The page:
Wash up after you touch any communal surface, use the bathroom, blow your nose, sneeze or cough, and before you touch your face or anyone else, as well as before you prepare or consume food. Doing so will cut down enormously on your chances of both contracting and transmitting the coronavirus.
Take those social-distancing-advisory stickers on the floors seriously, and keep your distance from other people. Expert recommendations on the exact amount of space to leave vary, but the CDC says at least six feet.
Why this number? "Six feet is the average distance that respiratory droplets from a sneeze or cough travel before they settle and are no longer likely to be inhaled by other people," Krys Johnson, an epidemiologist at Temple University, recently told LiveScience.com. "As long as someone's not outwardly ill ... you should be safe maintaining a distance of six feet," she added.
Even with the social-distance-approved seating we've implemented in our common areas, we at Metro Offices understand if you want a little more space. Why not try one of our fully appointed, comfortable private offices?
Striving for good health in common-sense ways is one of the best ways to arm yourself against the coronavirus. Sleep at least seven to eight hours a night. Consume a variety of healthful foods. Don't overeat and don't smoke. Limit sweets, alcohol, and caffeine. And try to get at least 30 minutes of heart-pumping physical activity each day.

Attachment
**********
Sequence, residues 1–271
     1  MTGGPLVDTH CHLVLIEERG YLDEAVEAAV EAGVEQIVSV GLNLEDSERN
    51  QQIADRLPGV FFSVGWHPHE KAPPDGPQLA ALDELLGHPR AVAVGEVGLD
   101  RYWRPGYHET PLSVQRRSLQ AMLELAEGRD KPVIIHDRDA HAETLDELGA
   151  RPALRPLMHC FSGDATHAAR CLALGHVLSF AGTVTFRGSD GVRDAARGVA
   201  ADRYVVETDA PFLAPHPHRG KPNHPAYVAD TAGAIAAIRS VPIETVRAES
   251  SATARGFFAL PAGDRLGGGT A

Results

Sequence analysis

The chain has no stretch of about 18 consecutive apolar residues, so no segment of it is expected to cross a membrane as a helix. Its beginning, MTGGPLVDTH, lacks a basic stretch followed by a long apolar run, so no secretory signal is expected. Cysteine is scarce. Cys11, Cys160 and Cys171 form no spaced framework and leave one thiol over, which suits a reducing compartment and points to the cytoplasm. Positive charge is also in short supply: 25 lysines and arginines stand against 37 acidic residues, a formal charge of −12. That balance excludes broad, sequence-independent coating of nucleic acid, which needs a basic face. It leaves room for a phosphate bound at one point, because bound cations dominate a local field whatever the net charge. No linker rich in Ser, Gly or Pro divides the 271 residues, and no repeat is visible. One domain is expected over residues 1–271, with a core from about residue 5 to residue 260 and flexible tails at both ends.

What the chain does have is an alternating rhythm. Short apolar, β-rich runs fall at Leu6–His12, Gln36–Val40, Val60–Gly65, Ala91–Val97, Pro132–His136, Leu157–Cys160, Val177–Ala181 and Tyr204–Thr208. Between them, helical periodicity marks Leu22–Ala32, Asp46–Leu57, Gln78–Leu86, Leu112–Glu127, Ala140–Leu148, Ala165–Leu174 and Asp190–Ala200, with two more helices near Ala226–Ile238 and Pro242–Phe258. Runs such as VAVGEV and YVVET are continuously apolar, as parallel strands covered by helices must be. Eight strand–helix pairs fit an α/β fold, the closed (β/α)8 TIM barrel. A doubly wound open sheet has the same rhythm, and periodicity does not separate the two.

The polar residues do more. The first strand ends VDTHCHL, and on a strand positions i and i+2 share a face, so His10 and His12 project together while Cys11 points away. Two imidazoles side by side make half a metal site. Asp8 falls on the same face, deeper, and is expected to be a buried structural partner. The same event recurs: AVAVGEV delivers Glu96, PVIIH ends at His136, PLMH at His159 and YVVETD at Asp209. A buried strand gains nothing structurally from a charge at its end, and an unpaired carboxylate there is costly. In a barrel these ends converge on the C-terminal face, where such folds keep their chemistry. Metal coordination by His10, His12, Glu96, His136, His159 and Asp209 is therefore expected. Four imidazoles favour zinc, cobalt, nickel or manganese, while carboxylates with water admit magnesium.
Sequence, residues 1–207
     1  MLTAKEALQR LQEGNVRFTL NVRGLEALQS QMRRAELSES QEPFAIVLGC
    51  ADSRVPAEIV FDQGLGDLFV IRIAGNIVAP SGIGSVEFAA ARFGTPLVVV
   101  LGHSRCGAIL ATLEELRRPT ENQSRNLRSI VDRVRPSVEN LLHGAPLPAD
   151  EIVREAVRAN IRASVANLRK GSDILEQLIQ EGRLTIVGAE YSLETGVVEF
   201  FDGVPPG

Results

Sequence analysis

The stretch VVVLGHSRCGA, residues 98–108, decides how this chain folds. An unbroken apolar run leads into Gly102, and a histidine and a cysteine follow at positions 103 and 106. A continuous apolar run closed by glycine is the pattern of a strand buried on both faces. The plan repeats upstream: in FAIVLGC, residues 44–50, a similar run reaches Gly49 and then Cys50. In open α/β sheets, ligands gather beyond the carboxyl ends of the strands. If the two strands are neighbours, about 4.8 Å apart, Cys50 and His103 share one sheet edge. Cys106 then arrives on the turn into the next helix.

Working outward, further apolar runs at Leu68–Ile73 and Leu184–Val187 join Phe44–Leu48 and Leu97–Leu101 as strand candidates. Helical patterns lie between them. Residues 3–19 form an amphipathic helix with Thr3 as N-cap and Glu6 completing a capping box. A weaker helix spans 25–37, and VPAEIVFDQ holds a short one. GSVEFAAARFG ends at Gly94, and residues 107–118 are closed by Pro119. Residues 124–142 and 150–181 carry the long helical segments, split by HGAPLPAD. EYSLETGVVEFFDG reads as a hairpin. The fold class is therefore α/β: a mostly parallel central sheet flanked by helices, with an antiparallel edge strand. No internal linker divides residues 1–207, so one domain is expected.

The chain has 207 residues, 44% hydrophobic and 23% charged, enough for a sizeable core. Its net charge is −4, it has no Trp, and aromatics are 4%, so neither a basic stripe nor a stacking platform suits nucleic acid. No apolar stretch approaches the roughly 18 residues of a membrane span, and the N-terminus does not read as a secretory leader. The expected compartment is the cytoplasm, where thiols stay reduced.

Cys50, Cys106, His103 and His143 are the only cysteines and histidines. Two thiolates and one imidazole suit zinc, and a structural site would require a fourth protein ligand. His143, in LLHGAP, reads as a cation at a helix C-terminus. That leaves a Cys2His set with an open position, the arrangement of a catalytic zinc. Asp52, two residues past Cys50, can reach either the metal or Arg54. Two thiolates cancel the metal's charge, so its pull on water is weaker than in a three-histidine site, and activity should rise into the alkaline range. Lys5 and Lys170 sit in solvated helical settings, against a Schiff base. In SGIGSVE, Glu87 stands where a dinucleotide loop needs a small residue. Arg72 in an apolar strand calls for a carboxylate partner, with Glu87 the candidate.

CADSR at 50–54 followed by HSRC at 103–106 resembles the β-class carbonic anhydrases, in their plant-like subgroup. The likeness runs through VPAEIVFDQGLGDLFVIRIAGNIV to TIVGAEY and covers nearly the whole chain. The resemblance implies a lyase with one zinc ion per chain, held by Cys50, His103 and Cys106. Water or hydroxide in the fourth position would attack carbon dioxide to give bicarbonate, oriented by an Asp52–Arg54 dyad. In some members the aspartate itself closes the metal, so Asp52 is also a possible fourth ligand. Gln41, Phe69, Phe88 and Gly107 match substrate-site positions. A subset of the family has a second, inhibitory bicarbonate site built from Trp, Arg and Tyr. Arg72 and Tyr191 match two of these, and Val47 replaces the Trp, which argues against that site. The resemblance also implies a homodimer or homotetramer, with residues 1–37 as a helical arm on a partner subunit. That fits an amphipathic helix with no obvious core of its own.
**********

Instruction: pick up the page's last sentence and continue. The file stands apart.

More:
Of course, we should all adhere to these guidelines as much as possible in the best of times, but even more so now. There is an established link between COVID-19-related complications and obesity, and risk factors for contracting the illness include obesity-related ailments such as diabetes, pre-diabetes, and high blood pressure.
Multiple recent studies have supported the continued wearing of face coverings during this time. In one such study, led by a Texas A&M University professor Renyi Zhang, masks were found to go a long way in stopping the transmission of the virus.
"Our results clearly show that airborne transmission via respiratory aerosols represents the dominant route for the spread of COVID-19," Zhang told ScienceDaily. "[W]e calculated that over 66,000 infections were prevented by using a face mask in little over a month in New York City. We conclude that wearing a face mask in public corresponds to the most effective means to prevent inter-human transmission. ... This inexpensive practice, in conjunction with social distancing and other procedures, is the most likely opportunity to stop the COVID-19 pandemic."
So when you're coworking, keep your mask on and fully over your nose and mouth. Just one or the other won't cut it; carriers can spread the virus via droplets from either.
Need a change of scenery after all that quarantining? Come work at a Metro Offices space. Each of our nine locations has enhanced sanitation and cleanliness measures in place to help keep all our members safe.